By John Lichman | Indiewire July 27, 2012 at 1:07PM
"3rd Rock from the Sun," 1999-2000
Role: The Big Giant Head
Shatner's painfully self-aware guest spot on this NBC sitcom can be summed up with its first gag being a "Twilight Zone" reference between him and John Lithgow about seeing "something" on the wing of a plane. This is Shatner at a TV low point -- okat, not his lowest -- but one predicated on us knowing all too well why he's appearing and why he's playing "The Big Giant Head." It's filled to the brim with references only "Star Trek" nerds and those who'd kept up with Shatner's career to this point would find funny -- which is why the greatest role he has played since James T. Kirk is the one that broke this downward spiral...
5: The Upward Swing
"The Practice"/"Boston Legal," 2004-2008
Role: Denny Crane
Imagine if you took all the great things about Shatner as a performaer, threw them into a blender and, upon pouring the resulting mess out, shouted "Go!" Denny Crane became a massive turning point for Shatner, as it launched him back into a weekly dramedy with not a single sci-fi element aside from explaining how James Spader doesn't do freaky sex things. Shatner's Crane is so self-obsessed, he routinely ends sentences with a pierced "Denny Crane!" just to make sure you get the point he's a legend. For four years, Crane waltzed through courtrooms, shot people he didn't like and showed off an actor who had came to terms with his own iconic image -- William Shatner!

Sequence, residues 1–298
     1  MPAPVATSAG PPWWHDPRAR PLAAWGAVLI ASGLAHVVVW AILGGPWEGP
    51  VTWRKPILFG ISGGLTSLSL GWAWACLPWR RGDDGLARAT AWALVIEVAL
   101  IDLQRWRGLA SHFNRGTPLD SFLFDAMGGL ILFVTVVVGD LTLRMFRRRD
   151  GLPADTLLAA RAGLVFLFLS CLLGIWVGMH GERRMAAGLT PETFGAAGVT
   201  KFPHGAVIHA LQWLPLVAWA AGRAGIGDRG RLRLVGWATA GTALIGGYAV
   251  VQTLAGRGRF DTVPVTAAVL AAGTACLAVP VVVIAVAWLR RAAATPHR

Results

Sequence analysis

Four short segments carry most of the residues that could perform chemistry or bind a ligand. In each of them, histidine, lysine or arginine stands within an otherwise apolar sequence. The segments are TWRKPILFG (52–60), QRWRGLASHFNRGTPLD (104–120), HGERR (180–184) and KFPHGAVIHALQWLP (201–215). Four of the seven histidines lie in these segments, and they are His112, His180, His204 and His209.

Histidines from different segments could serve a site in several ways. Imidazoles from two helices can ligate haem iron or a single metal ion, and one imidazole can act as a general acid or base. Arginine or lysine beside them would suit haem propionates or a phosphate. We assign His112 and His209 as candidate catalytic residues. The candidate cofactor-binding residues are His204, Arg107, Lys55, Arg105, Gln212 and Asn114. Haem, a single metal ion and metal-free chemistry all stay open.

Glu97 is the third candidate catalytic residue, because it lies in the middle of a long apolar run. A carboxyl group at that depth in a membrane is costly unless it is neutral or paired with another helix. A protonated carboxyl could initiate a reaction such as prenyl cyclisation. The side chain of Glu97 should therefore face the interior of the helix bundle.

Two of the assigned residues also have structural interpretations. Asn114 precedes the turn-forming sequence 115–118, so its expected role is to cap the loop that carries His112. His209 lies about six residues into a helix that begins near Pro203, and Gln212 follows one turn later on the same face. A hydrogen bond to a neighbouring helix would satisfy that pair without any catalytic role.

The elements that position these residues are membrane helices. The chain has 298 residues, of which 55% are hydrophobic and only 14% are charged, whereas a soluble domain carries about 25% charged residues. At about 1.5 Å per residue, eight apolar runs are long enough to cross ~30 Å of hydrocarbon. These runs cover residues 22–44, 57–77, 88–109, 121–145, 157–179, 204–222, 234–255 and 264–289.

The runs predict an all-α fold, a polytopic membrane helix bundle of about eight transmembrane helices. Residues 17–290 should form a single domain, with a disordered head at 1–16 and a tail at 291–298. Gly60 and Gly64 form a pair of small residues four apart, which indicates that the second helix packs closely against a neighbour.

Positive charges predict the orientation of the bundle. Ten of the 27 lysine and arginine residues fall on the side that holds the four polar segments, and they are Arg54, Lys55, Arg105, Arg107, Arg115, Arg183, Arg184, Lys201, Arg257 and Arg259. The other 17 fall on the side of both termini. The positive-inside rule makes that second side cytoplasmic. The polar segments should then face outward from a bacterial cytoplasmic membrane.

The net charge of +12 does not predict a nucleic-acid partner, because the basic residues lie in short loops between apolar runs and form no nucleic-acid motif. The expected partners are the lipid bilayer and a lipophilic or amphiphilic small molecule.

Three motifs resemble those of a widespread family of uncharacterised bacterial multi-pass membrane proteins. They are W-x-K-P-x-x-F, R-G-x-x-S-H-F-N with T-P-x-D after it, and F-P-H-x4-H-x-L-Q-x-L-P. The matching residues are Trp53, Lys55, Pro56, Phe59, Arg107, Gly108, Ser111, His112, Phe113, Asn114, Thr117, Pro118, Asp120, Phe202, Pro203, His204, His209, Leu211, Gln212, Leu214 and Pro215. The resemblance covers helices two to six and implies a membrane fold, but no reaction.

Priceline commercials, 1999-2013(?)
Role: Himself/Priceline Negotiator
Shatner didn't officially become the Priceline Negotiator until after two previous versions (including Leonard Nimoy making cameos) could solidify his post-Denny Crane self. Gone were the attempts to shy away from his past. Instead, the ads found him embracing his iconic timbre for song medleys and playing an Evil Negotiator with a goatee in a nod to the classic "Trek" episode "Mirror, Mirror." Even when he was "killed off" in January, Priceline still milks the fact that people can contact "The Negotiator," because Shatner still technically has a year left in his contract. But when was the last time an actor could so transform a simple ad spot into his own personal place to show-off?
7: Acceptance and Hope
"The Captains"/"Get a Life!"
Which leaves us with the current status of not James Tiberius Kirk, but William Shatner, new-found documentarian and oddly proficient interviewer. Who else could spearhead a project like "The Captains," which involved arm-wrestling Chris Pine outside the Paramount lot, or "Get a Life!," which takes the original SNL sketch from 1986 that provided the title and turns it around with Joseph Campbell? Shatner's transcended just "being" an actor. His roles, while sometimes questionable, are what make the man himself more impressive than Kirk, Hooker or even Denny Crane.